Sunday, August 3, 2014

North and South: Days in Lonnie and Hobes

I didn't have a lot of drawing time in Launceston. It was time to spend doing family things: going to see Alec's assembly, getting educated by Grace in the art of  playing with Barbies,  collaborating with the kids to make a book for Pop's birthday (The Adventures of Lily and Bert) and hanging out with the adults in the evenings. But there were a few hours when I'd returned from visiting Dad in George Town before my bus left for Hobart. I set off for a stroll, wound my way past the TAFE college and Launceston College, the buildings heavy with memories; down past the corner shop, now revamped and nothing like the place that sold pies and greasy chips that I remembered. I stopped at Richies Mill and sat in the late afternoon sun drinking tea as the shadows lengthened.

There was still plenty of time, so in spite of the growing cold and fading light, I walked over the bridge to the Cataract Gorge. So many years had passed since I walked along that path in the damp shade smelling of earth and leaves and age.
I stopped at a wooden seat and drew the rocks till my fingers were too numb with cold. Then walked back to the transit centre to catch my bus.

The weather in Hobart was comparatively mild, but not so mild that sitting outside drawing seemed like a great idea. I did brave the elements one morning to the extent of sitting on Jo's patio long enough to sketch the view across the valley to the hill on the other side of it - but mostly I drew interior things.

While Jo was at work I mostly read, drew, and wrote things down. Lennie, her elderly border collie, slept or occasionally shuffled, blind and arthritic, from one sleeping location to another. He's bigger than he looks here and very heavy. Jo has to help him up stairs and into the car. His back legs collapse under him sometimes and he just falls down. He is not as spiky as I drew him below:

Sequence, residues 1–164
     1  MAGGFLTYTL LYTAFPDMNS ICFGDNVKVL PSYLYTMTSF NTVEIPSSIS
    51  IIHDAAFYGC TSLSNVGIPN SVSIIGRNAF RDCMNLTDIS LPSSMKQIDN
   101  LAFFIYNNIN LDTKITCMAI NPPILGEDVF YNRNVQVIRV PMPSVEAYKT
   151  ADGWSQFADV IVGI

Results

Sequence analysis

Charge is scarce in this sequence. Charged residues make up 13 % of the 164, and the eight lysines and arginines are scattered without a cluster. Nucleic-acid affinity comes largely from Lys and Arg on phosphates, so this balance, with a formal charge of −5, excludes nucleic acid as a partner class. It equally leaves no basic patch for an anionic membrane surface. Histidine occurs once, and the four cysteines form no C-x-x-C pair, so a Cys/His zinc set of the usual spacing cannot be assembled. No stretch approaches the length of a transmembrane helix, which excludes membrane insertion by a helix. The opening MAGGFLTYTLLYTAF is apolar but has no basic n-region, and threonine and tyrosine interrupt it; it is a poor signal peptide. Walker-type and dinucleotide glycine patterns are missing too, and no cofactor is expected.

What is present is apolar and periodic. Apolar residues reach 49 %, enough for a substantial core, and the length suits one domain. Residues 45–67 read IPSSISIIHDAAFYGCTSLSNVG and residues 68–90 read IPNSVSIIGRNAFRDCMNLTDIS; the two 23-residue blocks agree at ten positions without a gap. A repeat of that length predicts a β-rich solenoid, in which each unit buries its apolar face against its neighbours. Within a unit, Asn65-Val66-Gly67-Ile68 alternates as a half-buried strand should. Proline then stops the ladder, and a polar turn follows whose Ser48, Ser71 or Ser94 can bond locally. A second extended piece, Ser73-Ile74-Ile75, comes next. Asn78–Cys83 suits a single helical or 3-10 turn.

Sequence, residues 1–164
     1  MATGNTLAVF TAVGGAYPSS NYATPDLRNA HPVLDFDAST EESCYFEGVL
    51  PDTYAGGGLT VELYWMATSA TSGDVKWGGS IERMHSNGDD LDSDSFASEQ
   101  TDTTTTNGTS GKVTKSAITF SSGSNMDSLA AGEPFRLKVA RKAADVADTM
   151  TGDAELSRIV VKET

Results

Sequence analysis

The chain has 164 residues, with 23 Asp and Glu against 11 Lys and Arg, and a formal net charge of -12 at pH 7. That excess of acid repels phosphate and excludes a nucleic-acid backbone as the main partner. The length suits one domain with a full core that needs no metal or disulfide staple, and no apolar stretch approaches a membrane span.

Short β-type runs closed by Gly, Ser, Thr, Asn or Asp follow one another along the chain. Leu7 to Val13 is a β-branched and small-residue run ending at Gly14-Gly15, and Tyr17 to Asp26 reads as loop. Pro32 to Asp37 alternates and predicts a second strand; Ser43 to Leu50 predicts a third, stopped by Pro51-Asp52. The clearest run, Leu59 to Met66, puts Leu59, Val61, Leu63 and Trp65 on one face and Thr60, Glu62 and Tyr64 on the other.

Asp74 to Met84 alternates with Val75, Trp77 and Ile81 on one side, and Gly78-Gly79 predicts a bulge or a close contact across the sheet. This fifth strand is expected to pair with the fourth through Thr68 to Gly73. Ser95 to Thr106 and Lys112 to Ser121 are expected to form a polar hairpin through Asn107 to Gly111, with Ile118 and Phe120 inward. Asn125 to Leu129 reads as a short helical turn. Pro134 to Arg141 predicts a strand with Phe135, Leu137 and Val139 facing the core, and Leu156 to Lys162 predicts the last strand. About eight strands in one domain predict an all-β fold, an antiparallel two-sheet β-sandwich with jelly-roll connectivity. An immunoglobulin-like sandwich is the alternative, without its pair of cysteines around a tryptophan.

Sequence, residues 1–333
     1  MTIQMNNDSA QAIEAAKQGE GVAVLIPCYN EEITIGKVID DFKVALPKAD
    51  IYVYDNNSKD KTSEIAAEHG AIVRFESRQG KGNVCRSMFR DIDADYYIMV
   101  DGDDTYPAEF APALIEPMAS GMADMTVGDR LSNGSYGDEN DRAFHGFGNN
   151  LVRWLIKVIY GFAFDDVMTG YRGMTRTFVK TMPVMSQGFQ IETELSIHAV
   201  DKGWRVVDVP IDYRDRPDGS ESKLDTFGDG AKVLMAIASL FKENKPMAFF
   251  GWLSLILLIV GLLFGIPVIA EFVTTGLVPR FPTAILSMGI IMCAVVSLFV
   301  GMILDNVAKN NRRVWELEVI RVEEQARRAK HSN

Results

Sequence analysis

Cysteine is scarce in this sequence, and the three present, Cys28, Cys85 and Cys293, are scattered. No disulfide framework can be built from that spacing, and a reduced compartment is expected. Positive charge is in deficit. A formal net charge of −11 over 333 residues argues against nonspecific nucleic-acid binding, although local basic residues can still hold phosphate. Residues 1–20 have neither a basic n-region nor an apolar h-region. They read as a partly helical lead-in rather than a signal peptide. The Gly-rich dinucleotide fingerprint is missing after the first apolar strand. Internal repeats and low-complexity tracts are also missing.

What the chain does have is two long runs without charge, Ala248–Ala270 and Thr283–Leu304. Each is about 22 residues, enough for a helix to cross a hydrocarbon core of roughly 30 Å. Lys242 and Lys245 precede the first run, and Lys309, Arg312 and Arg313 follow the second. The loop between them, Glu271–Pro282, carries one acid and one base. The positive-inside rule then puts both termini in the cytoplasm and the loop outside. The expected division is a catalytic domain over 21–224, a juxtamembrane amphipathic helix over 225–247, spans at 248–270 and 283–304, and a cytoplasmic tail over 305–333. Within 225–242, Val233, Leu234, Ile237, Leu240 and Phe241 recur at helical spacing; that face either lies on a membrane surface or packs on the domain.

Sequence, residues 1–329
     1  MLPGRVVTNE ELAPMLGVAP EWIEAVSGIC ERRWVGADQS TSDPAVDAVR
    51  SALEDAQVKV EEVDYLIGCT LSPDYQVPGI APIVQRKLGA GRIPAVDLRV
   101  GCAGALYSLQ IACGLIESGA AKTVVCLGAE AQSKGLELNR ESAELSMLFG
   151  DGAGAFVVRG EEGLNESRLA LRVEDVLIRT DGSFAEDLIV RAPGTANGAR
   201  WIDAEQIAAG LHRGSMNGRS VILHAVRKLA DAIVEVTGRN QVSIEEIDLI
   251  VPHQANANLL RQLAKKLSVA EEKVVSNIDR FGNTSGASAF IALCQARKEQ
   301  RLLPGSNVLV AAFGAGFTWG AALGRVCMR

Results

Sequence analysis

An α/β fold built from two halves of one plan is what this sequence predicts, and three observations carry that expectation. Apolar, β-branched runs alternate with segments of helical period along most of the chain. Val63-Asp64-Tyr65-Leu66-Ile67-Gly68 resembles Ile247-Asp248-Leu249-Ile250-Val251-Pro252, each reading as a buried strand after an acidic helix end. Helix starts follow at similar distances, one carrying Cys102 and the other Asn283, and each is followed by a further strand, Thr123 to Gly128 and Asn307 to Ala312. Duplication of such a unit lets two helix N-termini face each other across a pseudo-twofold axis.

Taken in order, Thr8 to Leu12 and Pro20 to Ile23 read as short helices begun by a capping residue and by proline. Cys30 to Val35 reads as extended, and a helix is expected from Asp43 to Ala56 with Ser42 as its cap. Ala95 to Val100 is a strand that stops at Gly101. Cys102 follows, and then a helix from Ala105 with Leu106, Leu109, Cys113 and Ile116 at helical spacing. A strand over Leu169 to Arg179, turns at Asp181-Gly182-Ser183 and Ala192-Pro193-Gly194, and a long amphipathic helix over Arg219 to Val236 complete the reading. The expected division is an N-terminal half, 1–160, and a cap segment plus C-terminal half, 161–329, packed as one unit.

I didn't stay inside at Jo's house all the time. I went to the movies at the State and had a tour of the building - the first time I'd seen the new additions - amazing architecture! I wandered around North Hobart, the city and the docks but only in short bursts interspersed with long periods of having coffee, browsing in bookshops and other warm pursuits. There was one terrific afternoon when I rocked up to a Japanese restaurant in North Hobart way past lunch time and had the place to myself, except for the staff, of course, and a boy who sat at a table near the kitchen and slept with his head propped up on his hands. He kindly woke up for long enough to re-fill my water brush for me.  Here is the sushi drawing from that day:

Now I'm back in Perth, back at work, back in the present. I've been working on self portraits - I'll post some soon.


  1. I enjoy your art in Sketchbook Skool. I love it here as true art journal continuous story. That ironing board one smarts of Tommy Kane cross hatching, all the lines really! You are one awesome artist!